For the home owner, having worms in a lawn isn't a major issue as they provide food for birds, foxes and badgers.
However for the serious lawn enthusiast, professional green keeper and groundsman, worms in fine turf are more than an unsightly mess.
Anyone who's ever played golf, bowls, lawn tennis, croquet, football, rugby or hockey (just to name a few) know only too well that worm casts disrupt the playing surface. sticks to one's feet and generally males a mess.
Worm casts make playing ball sports a lottery and take the skill element out of a game.
If you've ever tried putting a golf ball across fine turf where worm casts are present you'll know exactly what I mean.
There's also the potential to damage mowing equipment.
Most professional users and domestic lawn enthusiasts will almost certainly use mowing equipment which is fitted with a roller.
A roller on a mower achieves two things. First it lightly rolls the surface of the turf ensuring any small bumps loose soil and grass is honed down and keeps the surface true so that balls roll properly and without deviation.
A roller also creates stripes. This is generally an aesthetic process. The light and dark stripes are created when a roller passes over the surface causing the grass leaf blades to lean in the direction that the roller is moving. When an operator returns on an adjacent strip the grass is forced to lean in the other direction.
A appearance of light stripe will always be when the grass leans away from you, the dark strip leans toward you. Basically the light and dark stripes are created when the grass reflects or captures light.
Worms casts stick to moving parts of grass machinery causing wear which quickly leads to grass cylinders, rotary and bottom blades to become dull. This in turn leads to bruising of the grass leaf blade rather than a clean cut.
If you notice the surface of your lawn become brown a day or two after cutting the likely cause is blunt blades.
When I started my greenkeeping career we used to apply dodgy chemicals such as chlordane and Lindane.
After an application of Chlordane, all worms in the top 3-10 centimetres of soil were killed. The chemical was efficiently residual meaning effective treatment lasted many years. Five years of control was not uncommon but regular use of a long period of time meant Chloraane residues are still present in some soils, even though Chlordane has not been used for over thirty years.
Chlordane is a known carcinogenic and was banned in the early 1980s.
I still have visions of our head greenkeeper mixing chlordane in a tank and using a Cushman Truck with sprayer attachment to treat our greens and tees. Very little personal protective equipment was used.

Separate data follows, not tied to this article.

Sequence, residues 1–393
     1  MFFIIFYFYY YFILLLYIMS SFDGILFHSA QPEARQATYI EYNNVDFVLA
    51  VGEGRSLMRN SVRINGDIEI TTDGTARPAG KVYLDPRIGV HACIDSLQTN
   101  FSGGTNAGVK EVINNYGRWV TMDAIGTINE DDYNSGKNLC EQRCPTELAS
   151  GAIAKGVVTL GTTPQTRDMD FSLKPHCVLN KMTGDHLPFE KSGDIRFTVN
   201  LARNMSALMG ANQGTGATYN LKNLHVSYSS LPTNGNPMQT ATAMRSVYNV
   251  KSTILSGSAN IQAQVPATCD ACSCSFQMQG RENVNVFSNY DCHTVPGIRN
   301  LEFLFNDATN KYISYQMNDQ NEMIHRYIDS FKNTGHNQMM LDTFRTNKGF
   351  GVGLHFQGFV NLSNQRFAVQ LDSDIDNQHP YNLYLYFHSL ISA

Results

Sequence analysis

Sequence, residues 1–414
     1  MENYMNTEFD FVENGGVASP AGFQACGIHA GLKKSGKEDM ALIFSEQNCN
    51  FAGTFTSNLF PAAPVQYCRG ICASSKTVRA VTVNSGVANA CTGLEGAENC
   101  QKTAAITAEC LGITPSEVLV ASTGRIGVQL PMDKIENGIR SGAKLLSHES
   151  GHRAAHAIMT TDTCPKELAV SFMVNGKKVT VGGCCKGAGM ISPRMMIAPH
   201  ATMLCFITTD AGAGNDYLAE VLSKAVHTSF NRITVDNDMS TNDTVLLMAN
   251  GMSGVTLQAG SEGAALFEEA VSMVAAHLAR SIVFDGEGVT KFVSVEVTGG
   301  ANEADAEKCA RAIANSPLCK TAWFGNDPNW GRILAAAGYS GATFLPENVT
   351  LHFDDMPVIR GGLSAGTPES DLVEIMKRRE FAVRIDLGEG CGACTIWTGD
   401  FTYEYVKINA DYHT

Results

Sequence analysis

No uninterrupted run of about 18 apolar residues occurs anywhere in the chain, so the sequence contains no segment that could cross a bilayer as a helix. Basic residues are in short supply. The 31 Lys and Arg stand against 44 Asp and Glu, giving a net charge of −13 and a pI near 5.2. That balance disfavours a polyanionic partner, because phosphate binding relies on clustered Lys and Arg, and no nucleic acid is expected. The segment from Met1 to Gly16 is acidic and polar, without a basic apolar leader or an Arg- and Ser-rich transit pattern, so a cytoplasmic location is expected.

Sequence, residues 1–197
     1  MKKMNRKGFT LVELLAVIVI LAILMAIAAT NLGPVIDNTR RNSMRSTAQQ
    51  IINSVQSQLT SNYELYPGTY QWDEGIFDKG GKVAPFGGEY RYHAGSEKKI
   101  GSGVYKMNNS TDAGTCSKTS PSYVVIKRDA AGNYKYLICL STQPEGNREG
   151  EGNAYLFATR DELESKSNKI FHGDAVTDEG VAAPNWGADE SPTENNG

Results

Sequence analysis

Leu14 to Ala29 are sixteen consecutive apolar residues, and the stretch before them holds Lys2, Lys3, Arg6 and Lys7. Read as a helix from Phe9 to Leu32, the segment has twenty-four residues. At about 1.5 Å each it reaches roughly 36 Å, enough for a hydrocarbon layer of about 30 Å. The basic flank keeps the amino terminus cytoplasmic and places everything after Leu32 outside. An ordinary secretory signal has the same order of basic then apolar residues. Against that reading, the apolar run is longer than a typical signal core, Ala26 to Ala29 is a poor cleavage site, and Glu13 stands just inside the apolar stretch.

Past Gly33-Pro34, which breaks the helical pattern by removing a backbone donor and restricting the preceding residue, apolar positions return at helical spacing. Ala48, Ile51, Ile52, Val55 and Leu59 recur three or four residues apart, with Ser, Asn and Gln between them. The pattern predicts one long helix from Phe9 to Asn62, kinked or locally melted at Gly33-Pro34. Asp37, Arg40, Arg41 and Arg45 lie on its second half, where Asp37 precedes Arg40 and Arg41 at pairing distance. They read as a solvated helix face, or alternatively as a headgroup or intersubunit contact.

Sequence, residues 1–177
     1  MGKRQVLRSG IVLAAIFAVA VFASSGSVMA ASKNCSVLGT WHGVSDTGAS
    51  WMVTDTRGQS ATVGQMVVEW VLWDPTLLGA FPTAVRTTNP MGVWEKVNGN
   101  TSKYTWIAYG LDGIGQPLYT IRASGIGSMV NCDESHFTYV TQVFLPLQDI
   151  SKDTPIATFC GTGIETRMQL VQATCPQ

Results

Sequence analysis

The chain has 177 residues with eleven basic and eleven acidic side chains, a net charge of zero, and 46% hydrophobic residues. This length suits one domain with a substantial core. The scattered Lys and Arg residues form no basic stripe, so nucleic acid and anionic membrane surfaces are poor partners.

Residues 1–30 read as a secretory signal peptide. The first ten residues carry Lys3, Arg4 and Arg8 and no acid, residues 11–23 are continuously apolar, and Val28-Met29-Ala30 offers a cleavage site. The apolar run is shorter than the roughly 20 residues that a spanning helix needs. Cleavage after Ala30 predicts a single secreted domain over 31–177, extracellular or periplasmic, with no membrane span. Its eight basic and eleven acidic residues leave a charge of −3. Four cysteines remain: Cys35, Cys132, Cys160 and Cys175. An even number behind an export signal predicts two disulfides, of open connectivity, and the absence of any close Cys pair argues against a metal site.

Carbendazim to be banned
Carbendazim has been used in the British sports turf and domestic professional turf care industries for years and became the de facto chemical for worm control after Chlordane and other chemicals became unavailable.
Carbendazim is a fungicide but when used on turf to control disease the side effect causes worms from being deterred from entering into treated soil. Carbendazim does not kill worms.
However there are wide concerns about Carbendazim's safety. Studies show that Carbendazim disrupts human and animal hormones.
Residues of Carbendazim in water which has run off of treated agriculture land are known to have infected trout and other fish stocks.
Carbedazim is banned in the United Sates and many believe it is a matter of time before its use in the UK is also banned.
"In Great Britain, the annual area treated in 2001 was 819,398 hectares, with arable crops accounting for 95% (718,757 hectares) of this use(13).
"For example, 38.6% of the winter oil seed rape grown (197,463 ha) in Great Britain is given at least one treatment of carbendazim, and 24% (71,548 ha) is given two treatments(14).
"Over the years, there has been a gradual reduction in carbendazim use – in 1996 just over two million hectares were treated with carbendazim in Great Britain, compared to nearly 1.8 million hectares in 1999 and 821,000 hectares in 2000(15). This is because modern conazole and strobilurin fungicides are more efficacious".
Chemicals used in today's domestic and professional turf care industry must have minimal residual effect. It's the grass professional's objective to deter rather than kill worms in the soil.
- CastClear is a non-pesticidal nutrient that increases turf health and suppresses worm activity thus eliminating work casts at the same time.
- CastClear contains more than 5% amino nitrogen with more than 15% bio-organic sulphur.
- CastClear is a combination of nutrient materials that have been clearly shown to reduce worm-cast levels on sports turf and lawns.
Scientific evaluation has shown that the product does not kill worms or reduce population, but does deter worms from travelling through treated soils.
It takes about seven days for CastClear to start working and deters worm activity for between ten and twenty days, depending on underlying soil and weather conditions.
CastClear has just been short-listed as one of the top products at this year's Glee Garden Retail Show